Annie Lennox is talking about death. It isn’t morbid, nor is it vain, a celebrity’s ponderous concerns about her legacy. Instead, the former Eurythmics singer is matter-of-fact about being a woman of a certain age — 64 — and thus someone who has begun to look backward rather than forward. She is simply reminding me, in her earnest and rather sprightly way, that death comes for everyone.
“The one thing guaranteed us all, what is it?” she asks. “That we’re going to die.”
Such a statement may seem jarring, but since the 1990 breakup of the Eurythmics, the hugely successful pop music duo she led with Dave Stewart, Ms. Lennox’s concerns have become more grounded and existential. In the intervening decades, she’s released only sporadic solo albums — one of which is titled “Songs of Mass Destruction” — and took time off to raise her two daughters. Inspired, she said, by her experiences with Nelson Mandela’s 46664 campaign, she became an AIDS activist, focusing specifically on the plight of women and girls in Africa. She left behind the isolating force of fame for a chance to live, and maybe even make a difference in the world.
“In my time, I always thought that fame is a result of some really great thing you’ve done musically or artistically. It’s just a symptom,” she said, during a two-hour interview at a cafe in New York. “You play into it to a degree, but then, what does it do to you? I have tried so hard not to let that monster eat me up. I’ve dipped in, and I’ve dipped out. And it’s the dipping out that has kept me human.”
Her humanity is the subject of Ms. Lennox’s latest project, which reveals a more personal side of this musician that fans haven’t had a chance to see, in an entirely different medium: installation art. This weekend, at MASS MoCA in North Adams, Mass., Ms. Lennox will unveil a roughly 8-foot-high and 65-foot-long mound of earth containing nearly 250 objects she acquired during her life: the makeup case she used while touring, her mother’s sewing machine, a mask that was a gift from a boyfriend, Mexican Day of the Dead figurines, dozens of pairs of her children’s shoes, and more. The items are arranged in miniature displays that suggest associations and stories, and they’re embedded throughout a heap of glitter-dappled dirt, which is cordoned off by red velvet ropes.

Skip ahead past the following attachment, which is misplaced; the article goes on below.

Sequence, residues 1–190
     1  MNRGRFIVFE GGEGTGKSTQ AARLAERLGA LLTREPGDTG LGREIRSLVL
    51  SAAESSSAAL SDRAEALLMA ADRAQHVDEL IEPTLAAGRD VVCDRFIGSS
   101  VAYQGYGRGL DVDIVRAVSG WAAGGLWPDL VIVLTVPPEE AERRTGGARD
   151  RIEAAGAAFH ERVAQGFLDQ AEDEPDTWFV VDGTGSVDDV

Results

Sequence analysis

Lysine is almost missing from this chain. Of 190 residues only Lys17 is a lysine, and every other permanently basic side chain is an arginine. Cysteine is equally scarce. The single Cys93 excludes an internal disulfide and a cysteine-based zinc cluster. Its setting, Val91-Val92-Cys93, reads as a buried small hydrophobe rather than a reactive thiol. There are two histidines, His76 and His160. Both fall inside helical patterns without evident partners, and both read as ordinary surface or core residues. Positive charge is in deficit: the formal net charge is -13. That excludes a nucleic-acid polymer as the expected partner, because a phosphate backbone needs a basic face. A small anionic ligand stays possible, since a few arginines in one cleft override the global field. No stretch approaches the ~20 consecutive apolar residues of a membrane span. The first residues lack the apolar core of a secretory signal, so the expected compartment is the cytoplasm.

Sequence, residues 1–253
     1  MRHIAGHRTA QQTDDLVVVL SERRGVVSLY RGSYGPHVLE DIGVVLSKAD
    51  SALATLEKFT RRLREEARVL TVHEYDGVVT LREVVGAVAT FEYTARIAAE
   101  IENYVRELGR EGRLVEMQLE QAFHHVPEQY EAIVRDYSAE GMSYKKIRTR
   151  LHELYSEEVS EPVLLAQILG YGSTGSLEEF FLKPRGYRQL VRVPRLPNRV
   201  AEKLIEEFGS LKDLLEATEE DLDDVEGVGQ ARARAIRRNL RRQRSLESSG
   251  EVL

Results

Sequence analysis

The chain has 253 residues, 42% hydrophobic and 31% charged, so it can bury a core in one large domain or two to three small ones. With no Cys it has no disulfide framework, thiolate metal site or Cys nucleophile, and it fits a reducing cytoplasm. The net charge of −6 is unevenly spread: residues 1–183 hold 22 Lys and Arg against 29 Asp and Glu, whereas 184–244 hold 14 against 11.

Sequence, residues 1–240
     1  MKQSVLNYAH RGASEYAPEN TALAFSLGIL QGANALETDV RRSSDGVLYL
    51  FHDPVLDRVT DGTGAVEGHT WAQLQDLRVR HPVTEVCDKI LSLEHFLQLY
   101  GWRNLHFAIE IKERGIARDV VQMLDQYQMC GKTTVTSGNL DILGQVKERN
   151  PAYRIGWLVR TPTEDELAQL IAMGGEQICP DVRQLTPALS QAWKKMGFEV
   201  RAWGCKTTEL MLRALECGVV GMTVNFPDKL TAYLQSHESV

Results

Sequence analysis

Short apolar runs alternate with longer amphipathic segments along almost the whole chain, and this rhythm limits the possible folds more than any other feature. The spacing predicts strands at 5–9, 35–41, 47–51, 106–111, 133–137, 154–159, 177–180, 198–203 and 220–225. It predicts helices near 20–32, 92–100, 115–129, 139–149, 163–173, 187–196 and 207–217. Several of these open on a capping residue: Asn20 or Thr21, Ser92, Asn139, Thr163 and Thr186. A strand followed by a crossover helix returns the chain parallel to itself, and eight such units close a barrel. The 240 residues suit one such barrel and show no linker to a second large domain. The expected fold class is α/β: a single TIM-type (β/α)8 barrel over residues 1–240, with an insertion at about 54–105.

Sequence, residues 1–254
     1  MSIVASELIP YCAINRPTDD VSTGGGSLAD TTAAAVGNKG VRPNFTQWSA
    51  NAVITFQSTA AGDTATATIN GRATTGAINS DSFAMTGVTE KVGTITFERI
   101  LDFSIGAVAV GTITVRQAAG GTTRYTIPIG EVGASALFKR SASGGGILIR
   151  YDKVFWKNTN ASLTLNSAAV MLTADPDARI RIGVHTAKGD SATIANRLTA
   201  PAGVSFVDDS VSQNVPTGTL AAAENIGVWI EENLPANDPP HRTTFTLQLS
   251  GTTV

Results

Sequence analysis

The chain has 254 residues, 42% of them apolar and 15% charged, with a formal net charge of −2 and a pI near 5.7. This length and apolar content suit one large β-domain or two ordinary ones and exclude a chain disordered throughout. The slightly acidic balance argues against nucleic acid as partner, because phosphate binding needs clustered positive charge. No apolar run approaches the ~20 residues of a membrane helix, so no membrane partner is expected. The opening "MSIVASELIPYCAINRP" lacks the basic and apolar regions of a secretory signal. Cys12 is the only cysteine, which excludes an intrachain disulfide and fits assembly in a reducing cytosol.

Atop the mound sits the object arguably most freighted with meaning: a piano. It is partially illuminated by a spotlight and set at a slight angle, like an off-kilter crown. “The piano has been so, so, so significant all through my life,” Ms. Lennox said. “Since I was 3 years old, and I was given a toy piano. And I picked out tunes, and my parents said, ‘Oh my goodness, she’s picking out tunes.’ They identified that I had a musical gift.”
The exhibition, titled “‘Now I Let You Go …’” represents a kind of cleaning house, both physically and emotionally. “I cried!” Ms. Lennox said. “I was confused about what to show — what was relevant, what wasn’t. But it’s beautiful that I can do this. Because we don’t have a ritual in the Western world for this. We just don’t know what to do with what’s left behind.”
The show’s curator, Alexandra Foradas, observed that Ms. Lennox thinks about objects “almost like mnemonic devices” that prompt our memories.
On my visit, the mood in the gallery was hushed, the lighting low and dramatic. Slow and gentle piano melodies rang out — songs improvised by Ms. Lennox, who calls them “butterfly music” for their calming effect. She has compiled them in an EP titled “Lepidoptera,” recorded years ago but released only now, free online, with the MASS MoCA show. “I want to soothe people,” she had told me.